The Boston Celtics are undoubtedly one of the most historic franchises in the NBA. Since their formation in the mid-1940s, the C's have produced the most Hall of Famers, they've recorded the most wins and they are tied for the most championships in league history alongside their rivals, the Los Angeles Lakers.

With more than 70 years of rich tradition and legendary players, it's no easy task to decide who is the best of the best from the iconic organization. So, to successfully rank the top-10 players in Celtics history, we'll have to look at this franchise in multiple different eras.

With Boston's unprecedented dominance of the 1960s, its resurgence in the 1980s, and its creation of the “Big Three” in the late 2000s all in mind, let's honor and rank the 10 greatest Celtics players who made the Green Team into a storied franchise.

10. Bill Sharman

So many notable players have helped raise banners for the Celtics over the years that it's easy to forget a few. Shooting guard Bill Sharman, who played for Boston from 1951 to 1961, is one of those names that's faded a bit over time. However, the modern NBA fan should get familiar with the eight-time All-Star.

When the Celtics won their first title in franchise history in 1957, Sharman was there. He averaged 21.1 points per game during that postseason and helped the team capture three more titles in 1959, 1960, and 1961.

Of course, it's worth noting that there weren't even 10 teams then, which made the road to a title a bit easier than it is in the modern NBA. Yet, Sharman was still an all-time great that deserves to be on this list. He was one of the first guards back then to become a respectable shooter, and he even set the free-throw percentage record at the time by connecting on 93.2 percent of his shots from the charity stripe during the 1958-1959 season.

While that record was eventually topped more than 15 years later, Sharman undoubtedly helped shape Boston's winning culture. He probably wasn't the best player on those early Celtics teams, yet the Hall of Famer deserves his flowers all the same.

9. Sam Jones

Another Celtic great who established Boston's championship pedigree was shooting guard Sam Jones. Like Sharman, he helped the Celtics dominate during the 1960s. The exception is that Jones was there for many more championships than him.

In fact, during his 12-year NBA career, Jones won 10 rings, one for each of his fingers! These 10 championships are the second-most in league history, trail only the legendary Bill Russell (but we'll get to him later).

Jones was a great scorer and jump shooter in an era where the game was still being developed. He averaged 17.7 points per game for his career and had a knack for getting big baskets at the right time. For instance, in Game 7 of the 1966 NBA Finals, he dropped 22 points en route to a narrow 95-93 win over the Lakers. With that clutch performance, the C's won their eighth straight championship, something no other professional team has done in the four major North American sports.

Additionally, Jones gets some bonus points for returning to college in 1956 even though the Lakers drafted him. If he didn't do that, perhaps a few titles would've gone Los Angeles' way instead of Boston's.

8. Robert Parish

Although Hall of Fame center Robert Parish didn't start his career in Boston, he's as much of a true Celtic as anyone else on this list. The “Chief” was a vital part of the Celtics' success in the 1980s, as he won three titles and received nine All-Star nods on the Green Team.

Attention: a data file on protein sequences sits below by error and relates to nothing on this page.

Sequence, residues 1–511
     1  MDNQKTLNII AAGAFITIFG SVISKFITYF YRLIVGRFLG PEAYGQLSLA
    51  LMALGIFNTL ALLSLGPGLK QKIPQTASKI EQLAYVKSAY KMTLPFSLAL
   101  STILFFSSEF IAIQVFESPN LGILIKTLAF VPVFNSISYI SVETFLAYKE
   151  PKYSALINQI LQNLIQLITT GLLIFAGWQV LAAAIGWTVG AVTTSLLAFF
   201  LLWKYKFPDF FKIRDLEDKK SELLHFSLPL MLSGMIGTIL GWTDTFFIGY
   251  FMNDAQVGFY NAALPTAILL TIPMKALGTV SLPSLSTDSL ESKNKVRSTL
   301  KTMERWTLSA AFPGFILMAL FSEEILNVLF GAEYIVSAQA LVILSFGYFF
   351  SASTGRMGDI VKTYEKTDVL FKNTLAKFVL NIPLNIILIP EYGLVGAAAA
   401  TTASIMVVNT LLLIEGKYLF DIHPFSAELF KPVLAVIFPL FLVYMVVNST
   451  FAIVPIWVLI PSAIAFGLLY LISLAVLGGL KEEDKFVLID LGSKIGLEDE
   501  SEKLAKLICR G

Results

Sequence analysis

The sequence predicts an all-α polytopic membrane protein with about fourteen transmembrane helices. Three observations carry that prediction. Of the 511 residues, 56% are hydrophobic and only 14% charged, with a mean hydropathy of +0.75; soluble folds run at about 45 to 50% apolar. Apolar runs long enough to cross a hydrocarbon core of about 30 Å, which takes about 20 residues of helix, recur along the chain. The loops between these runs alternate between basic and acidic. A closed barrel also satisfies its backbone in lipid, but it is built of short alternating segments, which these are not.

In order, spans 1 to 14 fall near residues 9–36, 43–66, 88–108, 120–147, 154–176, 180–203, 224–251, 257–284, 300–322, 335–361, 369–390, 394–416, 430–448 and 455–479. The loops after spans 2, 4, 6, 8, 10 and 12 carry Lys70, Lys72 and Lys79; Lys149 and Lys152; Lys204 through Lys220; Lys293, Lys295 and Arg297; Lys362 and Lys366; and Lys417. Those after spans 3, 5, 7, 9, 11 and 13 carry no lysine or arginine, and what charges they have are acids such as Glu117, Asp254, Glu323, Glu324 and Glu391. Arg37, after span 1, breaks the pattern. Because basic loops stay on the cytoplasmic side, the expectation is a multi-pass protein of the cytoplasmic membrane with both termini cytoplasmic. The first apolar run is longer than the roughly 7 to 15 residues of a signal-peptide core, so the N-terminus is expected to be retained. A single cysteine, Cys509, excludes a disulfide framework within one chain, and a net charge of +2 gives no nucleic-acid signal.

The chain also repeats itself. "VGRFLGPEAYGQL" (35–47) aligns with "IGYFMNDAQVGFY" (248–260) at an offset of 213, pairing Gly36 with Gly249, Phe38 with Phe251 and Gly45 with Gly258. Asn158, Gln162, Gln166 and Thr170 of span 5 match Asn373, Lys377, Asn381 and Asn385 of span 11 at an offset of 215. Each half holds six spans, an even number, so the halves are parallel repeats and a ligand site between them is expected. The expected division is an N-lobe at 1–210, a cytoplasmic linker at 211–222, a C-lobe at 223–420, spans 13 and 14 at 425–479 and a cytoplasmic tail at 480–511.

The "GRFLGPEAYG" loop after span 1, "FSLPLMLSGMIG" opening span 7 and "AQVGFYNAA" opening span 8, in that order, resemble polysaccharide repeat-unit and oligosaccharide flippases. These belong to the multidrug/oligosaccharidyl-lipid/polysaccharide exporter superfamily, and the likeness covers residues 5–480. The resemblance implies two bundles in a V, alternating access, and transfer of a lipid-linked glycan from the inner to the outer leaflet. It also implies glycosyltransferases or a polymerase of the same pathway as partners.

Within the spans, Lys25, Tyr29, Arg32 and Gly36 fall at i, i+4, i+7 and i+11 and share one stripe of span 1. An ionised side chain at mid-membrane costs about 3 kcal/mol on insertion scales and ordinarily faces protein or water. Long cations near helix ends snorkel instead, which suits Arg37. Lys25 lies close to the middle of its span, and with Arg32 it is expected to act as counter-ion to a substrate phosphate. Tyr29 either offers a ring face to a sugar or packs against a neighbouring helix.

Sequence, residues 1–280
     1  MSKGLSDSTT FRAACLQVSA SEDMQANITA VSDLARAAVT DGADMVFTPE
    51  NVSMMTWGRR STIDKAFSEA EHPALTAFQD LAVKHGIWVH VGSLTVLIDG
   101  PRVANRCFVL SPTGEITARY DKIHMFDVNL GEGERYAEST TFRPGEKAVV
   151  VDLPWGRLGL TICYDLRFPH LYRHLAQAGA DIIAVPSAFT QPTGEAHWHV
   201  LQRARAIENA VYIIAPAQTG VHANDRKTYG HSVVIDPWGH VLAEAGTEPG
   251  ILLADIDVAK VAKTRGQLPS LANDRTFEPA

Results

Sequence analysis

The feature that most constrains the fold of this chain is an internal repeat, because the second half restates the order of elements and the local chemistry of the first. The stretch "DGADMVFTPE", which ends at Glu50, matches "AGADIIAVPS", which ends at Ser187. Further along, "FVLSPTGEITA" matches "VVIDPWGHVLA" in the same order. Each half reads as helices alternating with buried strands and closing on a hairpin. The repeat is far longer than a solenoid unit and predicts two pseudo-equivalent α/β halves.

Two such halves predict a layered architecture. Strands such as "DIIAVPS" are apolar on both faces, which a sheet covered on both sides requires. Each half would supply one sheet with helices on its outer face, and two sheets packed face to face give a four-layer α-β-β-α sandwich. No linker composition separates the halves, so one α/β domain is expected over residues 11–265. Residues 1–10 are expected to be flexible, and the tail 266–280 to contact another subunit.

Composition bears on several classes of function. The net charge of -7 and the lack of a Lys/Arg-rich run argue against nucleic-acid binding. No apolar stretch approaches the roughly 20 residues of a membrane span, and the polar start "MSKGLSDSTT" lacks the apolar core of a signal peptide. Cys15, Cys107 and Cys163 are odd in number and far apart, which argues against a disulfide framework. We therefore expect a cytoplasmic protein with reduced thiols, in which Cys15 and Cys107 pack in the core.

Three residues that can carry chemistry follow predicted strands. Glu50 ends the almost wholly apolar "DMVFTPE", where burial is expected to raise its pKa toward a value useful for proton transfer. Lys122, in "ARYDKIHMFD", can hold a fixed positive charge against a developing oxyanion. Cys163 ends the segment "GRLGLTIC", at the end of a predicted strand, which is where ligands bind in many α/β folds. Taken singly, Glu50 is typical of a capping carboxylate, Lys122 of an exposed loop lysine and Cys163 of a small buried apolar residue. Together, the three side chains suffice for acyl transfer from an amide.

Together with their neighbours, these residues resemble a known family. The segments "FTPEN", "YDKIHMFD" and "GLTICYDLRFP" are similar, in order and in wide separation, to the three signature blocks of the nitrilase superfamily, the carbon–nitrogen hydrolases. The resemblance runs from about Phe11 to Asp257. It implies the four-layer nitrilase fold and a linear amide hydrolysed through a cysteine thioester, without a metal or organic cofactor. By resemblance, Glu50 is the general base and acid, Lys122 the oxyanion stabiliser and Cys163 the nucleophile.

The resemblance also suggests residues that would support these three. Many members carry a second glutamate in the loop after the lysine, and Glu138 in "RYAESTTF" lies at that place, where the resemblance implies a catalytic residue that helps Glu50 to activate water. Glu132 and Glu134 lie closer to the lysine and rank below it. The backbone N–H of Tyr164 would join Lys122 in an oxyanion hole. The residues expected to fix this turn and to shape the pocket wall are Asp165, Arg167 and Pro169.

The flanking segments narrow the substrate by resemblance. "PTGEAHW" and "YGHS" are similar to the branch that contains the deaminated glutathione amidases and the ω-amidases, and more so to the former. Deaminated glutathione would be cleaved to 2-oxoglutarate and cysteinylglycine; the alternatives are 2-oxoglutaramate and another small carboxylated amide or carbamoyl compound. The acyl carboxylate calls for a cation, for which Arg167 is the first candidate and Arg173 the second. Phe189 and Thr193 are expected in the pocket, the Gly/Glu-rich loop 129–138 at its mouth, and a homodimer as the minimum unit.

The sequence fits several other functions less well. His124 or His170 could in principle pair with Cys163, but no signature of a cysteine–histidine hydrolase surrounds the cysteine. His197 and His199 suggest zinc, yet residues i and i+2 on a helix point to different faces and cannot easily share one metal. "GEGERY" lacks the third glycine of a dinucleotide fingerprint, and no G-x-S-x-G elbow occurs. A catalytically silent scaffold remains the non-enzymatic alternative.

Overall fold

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With his staunch defense and fearsome paint presence, Parish averaged 14.5 points, 1.5 blocks, and 9.1 rebounds per game over a career that lasted more than two decades. To this day, the 7-foot-1 legend has played in more games than anyone else in NBA history. The only player with any hopes of catching him is future Hall of Famer LeBron James, but even that'd require at least three more healthy seasons from the NBA's all-time leading scorer.

While Parish had success with other teams, like when he became the oldest player to ever win a title at 43 years old with the 1996-97 Chicago Bulls, he was still on the Celtics for 14 total seasons. In addition, he was as reliable as they come for the C's, as he never missed more than eight games in a regular season. Durability for a big like that is practically unheard of in today's league, which is why we need to show some respect to Parish.

7. Kevin McHale

Speaking of big guys who have donned the Celtics uniform, Kevin McHale went from being one of the best bench players in all of basketball to a Hall of Fame power forward with three championships to his name. Alongside Parish and the famous Larry Bird, the 6-foot-10 big man helped turn the C's into a powerhouse again with his tough defense and skilled maneuvers in the post.

There's an argument to be made for putting Parish over McHale, but when it comes to individual accolades, McHale has the edge. He made three All-Defensive First Teams, three All-Defensive Second Teams, and received seven All-Star nods. Plus, he was a two-time Sixth Man of the Year and was named to the All-NBA First Team in 1987. Somehow, Parish never qualified for any All-Defensive Teams, and he didn't earn any All-NBA First Team honors either.

McHale spent all 13 of his NBA seasons with the organization and his loyalty to this team cannot be ignored. During that lengthy period, he averaged an impressive 17.9 points, 7.3 rebounds, and 1.7 blocks per outing. Like everybody else on this list, he was selected for the NBA's prestigious 75th Anniversary Team in 2021.

6. Dave Cowens

The Celtics are primarily known for their dominance in the 1960s and 1980s, but they also had a good run in the 1970s. A major part of those 70s squads was center Dave Cowens, as he was an eight-time All-Star and a double-double machine.